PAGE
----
13. Will it look anything like "The Day After Tomorrow"? • BOULDER – The release of the movie "The Day After Tomorrow" is spurring discussion about global climate change with its depiction of giant storms and plummeting temperatures abruptly menacing the planet. But are the movie's climate scenarios plausible? • At the National Center for Atmospheric Research (NCAR), scientists who study the impact of rising industrial emissions on the world's climate say it is impossible for an ice age to strike within days, as happens in the movie. They warn, however, that climate change may have significant consequences for society in coming decades. • Movie scenario. Temperatures in New York City plummet from sweltering to freezing in hours. • Actual climate change. Temperatures in parts of the world could drop, but not nearly as rapidly or dramatically as portrayed in the movie. In a warmer world, additional rain at middle and high latitudes, plus melt from glaciers, will add more fresh water to the oceans. This could affect currents such as the Gulf Stream that transport heat north from the tropics and might result in parts of North America and Europe becoming relatively cooler. Even if this were to occur, it would take many years or decades because oceans move heat and cold much more slowly than the atmosphere. (Some ocean changes, however, such as the periodic warming of Pacific Ocean waters known as El Niño, may affect regional weather patterns within weeks.) • Movie scenario. Tornadoes strike Los Angeles and grapefruit-sized hail falls on Tokyo. • Actual climate change. Research has shown that climate change may lead to more intense hurricanes and certain other types of storms. In a hotter world, evaporation will happen more quickly, providing the atmosphere with more fuel for storms. In fact, scientists have found this is already happening with rain and snowfall in the United States. But even when scientists run scenarios on the world's most powerful supercomputers, they cannot pinpoint how climate will change in specific places or predict whether Los Angeles or other cities will face violent weather.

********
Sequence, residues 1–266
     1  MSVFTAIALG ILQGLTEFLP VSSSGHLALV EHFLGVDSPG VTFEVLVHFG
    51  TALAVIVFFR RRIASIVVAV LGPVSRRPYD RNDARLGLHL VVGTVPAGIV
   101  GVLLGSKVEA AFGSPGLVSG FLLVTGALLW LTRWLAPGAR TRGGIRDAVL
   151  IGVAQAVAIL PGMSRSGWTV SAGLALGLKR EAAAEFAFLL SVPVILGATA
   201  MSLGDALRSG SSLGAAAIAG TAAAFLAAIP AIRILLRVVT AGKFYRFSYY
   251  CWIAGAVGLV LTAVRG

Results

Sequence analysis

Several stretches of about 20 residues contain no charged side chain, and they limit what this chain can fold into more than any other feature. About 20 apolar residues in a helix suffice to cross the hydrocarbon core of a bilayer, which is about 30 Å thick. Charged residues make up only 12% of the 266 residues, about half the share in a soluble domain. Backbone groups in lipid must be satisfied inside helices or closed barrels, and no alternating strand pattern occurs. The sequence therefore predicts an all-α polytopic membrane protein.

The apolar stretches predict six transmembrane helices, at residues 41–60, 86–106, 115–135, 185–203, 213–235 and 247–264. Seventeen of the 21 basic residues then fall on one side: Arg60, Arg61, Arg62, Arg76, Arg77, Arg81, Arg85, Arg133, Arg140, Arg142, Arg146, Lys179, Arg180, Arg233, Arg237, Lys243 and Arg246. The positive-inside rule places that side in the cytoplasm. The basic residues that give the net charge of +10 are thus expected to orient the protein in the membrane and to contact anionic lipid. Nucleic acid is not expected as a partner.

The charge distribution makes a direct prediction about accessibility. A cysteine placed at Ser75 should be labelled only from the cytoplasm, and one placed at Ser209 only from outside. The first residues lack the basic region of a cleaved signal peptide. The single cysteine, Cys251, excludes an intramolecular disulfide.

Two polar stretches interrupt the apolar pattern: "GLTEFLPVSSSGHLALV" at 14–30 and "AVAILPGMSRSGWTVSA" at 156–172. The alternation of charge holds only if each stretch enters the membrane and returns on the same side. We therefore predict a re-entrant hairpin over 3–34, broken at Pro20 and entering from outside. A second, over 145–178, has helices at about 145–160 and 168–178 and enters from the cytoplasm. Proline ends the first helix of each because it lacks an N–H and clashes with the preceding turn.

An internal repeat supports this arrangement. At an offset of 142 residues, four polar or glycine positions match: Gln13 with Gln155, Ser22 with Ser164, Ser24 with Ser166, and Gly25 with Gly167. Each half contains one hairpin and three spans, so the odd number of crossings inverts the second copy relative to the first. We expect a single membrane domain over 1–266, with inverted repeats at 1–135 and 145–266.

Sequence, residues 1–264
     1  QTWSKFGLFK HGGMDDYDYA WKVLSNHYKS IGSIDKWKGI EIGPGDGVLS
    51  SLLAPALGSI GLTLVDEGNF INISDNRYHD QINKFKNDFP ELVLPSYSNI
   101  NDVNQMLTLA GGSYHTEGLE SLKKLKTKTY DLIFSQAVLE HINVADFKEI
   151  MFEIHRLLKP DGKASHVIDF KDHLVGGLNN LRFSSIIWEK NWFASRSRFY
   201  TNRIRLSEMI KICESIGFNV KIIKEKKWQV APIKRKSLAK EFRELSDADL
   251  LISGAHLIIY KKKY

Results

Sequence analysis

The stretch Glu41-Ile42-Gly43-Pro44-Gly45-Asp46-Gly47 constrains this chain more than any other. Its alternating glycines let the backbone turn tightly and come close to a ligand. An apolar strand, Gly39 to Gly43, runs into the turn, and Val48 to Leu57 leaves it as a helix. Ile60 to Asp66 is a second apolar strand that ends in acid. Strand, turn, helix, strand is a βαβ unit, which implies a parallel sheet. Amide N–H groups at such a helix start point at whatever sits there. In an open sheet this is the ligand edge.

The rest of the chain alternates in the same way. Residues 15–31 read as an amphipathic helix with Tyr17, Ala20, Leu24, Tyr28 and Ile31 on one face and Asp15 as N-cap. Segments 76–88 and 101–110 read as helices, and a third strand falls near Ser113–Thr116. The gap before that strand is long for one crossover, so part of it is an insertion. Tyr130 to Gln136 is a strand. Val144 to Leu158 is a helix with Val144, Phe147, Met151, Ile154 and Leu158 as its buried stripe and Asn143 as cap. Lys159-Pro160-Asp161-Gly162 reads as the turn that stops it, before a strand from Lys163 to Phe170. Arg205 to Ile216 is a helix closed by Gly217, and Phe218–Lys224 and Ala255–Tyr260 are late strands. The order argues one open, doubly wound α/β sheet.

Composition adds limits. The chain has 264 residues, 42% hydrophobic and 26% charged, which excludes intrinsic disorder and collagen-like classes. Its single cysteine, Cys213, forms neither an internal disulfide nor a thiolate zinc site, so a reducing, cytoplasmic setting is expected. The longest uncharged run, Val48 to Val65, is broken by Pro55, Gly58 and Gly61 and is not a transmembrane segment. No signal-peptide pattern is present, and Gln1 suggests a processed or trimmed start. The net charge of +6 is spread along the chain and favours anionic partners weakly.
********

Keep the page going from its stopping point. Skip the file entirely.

14. 1979 Summer Arctic Sea Ice 2000 NASA Goddard Space Flight Center

15. What were the causes for climate change??

16. On a much much larger timescale: Ice ages have a period of 200-250 million years Corresponding to the rotation of the Sun about the Milky Way.